Ltoponua Leldimain is a young farmer in Samburu County in Kenya who heard an agricultural progamme on Serian FM and wasted no time calling up the presenter Nicholus Lenyakopiro. Nicholus in turn referred him to Agriculture Extension Officer, Mary Lemaletian to answer specific questions about his bean farm. The rest, as the saying goes, is history.
Ltoponua has been inconstant touch with Mary and he is planning to fence the farm and introduce a variety of crops. “The best thing is being able to be food secure,’’ says the newly married livestock herder turned farmer. “ His father shared out a portion of his land and gave him permission to grow his own food.
This is a complete turn-around in Ltoponua’s life. Not too long ago he drove his family’s large herd of cattle, goats and sheep across the plains of Samburu County, always in search of fresh pastures and water and today he anticipates an income from the farm even as he tunes in to the Serian FM weekly agricultural broadcasts.
Promoting radio programmes as a mean to reaching a huge number of farmers
He describes how he was able to overcome the challenges of a blight attack early on his bean venture by keenly following the recommendations from Mary, just as she had enumerated them during the radio programme. “I went and bought the recommended spray, and applied it according to instructions,” he says. Shortly after, he also overcame an aphid attack, thanks to what he learned on radio.
In its unique approach to agriculture programming, KiMI’s Farmer Voice Radio (FVR) model the reach of extension services in remote areas is vastly increased at lower costs per person receiving information. Farmers participate by calling or sending short messages (SMS) to the stations during the live broadcasts or following up later with the agricultural expert on the show.
There is a huge demand for agriculture extension services among farmers, and where previously officers were limited by resources and distances, extension via radio has greatly eased access to farmers on the one hand, created a diversity of choices and provided a timely and efficient way to exchange information between the departments of agriculture and their clients.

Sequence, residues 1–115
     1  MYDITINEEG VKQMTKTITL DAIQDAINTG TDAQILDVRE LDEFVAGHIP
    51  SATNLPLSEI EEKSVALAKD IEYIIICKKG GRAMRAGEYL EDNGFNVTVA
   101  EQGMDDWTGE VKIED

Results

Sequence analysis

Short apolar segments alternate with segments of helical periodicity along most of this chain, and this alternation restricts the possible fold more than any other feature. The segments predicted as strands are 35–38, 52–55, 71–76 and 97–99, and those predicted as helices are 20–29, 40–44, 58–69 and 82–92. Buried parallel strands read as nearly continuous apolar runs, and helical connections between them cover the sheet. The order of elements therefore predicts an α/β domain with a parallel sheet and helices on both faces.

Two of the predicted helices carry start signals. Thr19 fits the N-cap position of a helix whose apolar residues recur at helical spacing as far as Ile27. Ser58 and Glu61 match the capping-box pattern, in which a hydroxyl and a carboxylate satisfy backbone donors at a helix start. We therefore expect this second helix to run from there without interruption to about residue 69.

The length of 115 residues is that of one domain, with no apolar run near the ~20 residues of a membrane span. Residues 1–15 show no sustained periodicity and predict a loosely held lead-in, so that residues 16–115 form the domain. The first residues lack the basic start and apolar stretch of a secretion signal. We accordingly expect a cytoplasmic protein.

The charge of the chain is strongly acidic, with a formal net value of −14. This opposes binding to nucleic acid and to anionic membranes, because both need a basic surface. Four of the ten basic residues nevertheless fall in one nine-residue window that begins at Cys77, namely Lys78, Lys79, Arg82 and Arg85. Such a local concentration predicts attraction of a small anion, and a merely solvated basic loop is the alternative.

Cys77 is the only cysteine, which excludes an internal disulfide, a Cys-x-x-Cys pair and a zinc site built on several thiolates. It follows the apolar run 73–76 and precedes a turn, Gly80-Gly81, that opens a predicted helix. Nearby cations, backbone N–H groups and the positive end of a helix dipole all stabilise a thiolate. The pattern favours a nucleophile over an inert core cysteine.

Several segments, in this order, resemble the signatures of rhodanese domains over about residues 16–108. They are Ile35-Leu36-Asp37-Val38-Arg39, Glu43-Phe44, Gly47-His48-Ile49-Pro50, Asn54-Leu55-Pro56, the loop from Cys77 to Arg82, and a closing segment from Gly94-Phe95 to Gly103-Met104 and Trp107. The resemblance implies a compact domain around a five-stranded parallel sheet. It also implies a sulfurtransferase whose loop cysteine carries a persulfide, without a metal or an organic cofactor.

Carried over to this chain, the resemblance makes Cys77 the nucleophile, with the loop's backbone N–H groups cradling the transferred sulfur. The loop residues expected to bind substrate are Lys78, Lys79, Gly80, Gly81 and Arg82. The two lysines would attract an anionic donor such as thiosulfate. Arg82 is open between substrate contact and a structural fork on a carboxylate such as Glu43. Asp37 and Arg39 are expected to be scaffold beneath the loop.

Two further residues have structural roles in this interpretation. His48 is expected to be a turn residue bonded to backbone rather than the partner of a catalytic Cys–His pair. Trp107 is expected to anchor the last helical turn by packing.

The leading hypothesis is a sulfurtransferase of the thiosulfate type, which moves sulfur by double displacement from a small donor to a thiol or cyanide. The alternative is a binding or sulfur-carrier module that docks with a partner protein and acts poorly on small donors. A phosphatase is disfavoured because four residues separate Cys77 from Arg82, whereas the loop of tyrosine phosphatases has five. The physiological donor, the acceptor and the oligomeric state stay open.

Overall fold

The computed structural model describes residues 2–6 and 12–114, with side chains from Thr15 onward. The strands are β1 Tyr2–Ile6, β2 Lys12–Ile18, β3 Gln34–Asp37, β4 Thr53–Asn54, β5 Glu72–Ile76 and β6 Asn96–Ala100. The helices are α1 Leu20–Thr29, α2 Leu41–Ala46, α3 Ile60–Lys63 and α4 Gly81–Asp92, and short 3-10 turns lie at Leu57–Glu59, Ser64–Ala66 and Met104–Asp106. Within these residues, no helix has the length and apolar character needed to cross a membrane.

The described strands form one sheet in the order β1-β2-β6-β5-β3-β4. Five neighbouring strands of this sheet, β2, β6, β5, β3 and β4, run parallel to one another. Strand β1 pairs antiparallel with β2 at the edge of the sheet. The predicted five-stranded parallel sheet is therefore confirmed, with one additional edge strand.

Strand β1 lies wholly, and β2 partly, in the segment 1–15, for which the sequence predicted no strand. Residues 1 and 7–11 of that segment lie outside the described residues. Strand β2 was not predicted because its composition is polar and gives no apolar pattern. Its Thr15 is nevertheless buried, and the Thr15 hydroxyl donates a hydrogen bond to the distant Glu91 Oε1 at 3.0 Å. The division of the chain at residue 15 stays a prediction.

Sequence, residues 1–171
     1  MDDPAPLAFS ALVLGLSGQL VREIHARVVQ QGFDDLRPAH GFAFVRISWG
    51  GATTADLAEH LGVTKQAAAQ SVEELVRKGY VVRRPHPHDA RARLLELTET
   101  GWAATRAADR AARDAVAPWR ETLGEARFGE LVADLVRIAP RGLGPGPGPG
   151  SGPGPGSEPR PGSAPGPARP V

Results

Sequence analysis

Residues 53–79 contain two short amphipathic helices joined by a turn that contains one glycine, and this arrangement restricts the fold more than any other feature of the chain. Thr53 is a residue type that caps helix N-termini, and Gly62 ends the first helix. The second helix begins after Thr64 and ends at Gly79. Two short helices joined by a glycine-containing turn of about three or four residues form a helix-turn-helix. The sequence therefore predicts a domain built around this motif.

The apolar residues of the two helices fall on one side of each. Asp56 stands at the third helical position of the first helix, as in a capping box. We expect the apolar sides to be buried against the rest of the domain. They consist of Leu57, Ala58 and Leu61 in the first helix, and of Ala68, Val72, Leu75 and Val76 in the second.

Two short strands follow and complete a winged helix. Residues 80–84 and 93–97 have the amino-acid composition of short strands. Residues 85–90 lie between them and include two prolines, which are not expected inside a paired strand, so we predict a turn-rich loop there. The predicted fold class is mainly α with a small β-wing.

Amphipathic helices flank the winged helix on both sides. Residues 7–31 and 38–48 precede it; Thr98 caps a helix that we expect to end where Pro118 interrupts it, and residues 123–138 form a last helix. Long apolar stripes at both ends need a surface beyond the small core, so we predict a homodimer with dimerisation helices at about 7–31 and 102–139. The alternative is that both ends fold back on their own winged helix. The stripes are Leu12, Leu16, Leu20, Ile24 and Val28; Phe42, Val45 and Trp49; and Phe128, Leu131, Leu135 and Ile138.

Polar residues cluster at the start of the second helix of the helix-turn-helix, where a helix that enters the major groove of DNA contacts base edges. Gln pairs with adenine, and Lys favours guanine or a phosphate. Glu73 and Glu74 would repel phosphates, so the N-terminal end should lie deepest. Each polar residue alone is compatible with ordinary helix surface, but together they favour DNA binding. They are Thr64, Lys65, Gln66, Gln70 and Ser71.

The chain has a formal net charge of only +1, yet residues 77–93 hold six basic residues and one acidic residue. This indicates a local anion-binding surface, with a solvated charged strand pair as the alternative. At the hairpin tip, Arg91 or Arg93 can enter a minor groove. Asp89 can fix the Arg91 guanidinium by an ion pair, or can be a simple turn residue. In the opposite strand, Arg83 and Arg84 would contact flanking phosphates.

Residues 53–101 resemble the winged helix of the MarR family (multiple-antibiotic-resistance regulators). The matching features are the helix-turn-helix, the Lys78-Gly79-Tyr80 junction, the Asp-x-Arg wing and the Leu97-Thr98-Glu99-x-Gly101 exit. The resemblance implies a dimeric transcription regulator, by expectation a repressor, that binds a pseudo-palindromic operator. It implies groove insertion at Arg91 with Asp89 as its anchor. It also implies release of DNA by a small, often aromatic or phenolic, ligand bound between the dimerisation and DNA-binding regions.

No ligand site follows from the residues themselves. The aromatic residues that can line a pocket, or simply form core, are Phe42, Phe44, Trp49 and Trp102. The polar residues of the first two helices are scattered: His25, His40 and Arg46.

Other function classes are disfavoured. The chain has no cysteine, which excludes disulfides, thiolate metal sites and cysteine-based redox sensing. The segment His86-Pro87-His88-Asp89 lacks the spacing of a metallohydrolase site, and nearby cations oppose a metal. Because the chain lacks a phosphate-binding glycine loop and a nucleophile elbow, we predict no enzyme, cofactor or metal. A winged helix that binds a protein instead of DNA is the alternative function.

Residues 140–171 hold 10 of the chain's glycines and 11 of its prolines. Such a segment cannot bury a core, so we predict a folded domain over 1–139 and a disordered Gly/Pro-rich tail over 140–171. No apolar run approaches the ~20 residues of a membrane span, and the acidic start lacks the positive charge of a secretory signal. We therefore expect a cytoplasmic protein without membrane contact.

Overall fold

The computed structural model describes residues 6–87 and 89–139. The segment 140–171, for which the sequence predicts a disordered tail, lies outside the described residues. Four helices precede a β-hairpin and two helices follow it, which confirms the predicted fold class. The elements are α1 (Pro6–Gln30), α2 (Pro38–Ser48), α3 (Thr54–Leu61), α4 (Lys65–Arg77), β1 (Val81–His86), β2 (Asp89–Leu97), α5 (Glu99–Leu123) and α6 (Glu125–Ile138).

Ltoponua’sencounter with Serian FM is replicated acrossthefive counties of Samburu, Marsabit, Garissa, Isiolo and West Pokot where KiMI in partnership with the Syngenta Foundation for Sustainable Agriculture (SFSA) is implementing a one-year projectwith the County Departments of Agriculture, Livestock and Fisheries to raise agricultural productivity in regions so far lacking major extension initiatives of this type. The participating radio stations include Serian FM in Samburu, Star FM Borana Service in Marsabit, Kenya Broadcasting Corporation’s Rendille, Borana and Somali services covering Marsabit, Isiolo and Garissa counties as well as a more national reach through its digital platform.
InMarsabit, farmers easily identify with Koopi Qaabare, Borana for Farmers’ Programme, a weekly live radio programme. According to Duba Nura, an Agriculture Extension Officer with the County Department of Agriculture, Livestock and Fisheries and a regular studio guest on the programme, the response is phenomenal: “The feedback we receive from farmers is overwhelming,” he adds, “but the most gratifying thing about Koopi Qaabare is that farmers listen to the programmes then go back to practise on their farms what they learn.”
E-extension replaces the old model
This is the true meaning of e-extension, when farmers combine the two versatile technologies, mobile phone and radio and put to action the information acquired. Says Duba, “Our phones don’t stop ringing, and it is not just farmers calling but also stakeholders within the agriculture sector seeking ways to better reach farmers with products and markets.”
At Kilimo Media International (KiMI), this question is approached from the standpoint that small holder farmers understand and appreciate concepts better when they hear them spoken in their local languages. One of KiMI’s major selling points is being able to deliver agricultural extension services too hard to reach populations, effectively giving extension officers and agricultural experts a large platform to reach a greater number of people in a less labour intensive manner. The extension officers all admit that using the radio has enabled them to increase efficiency and effectiveness in their work.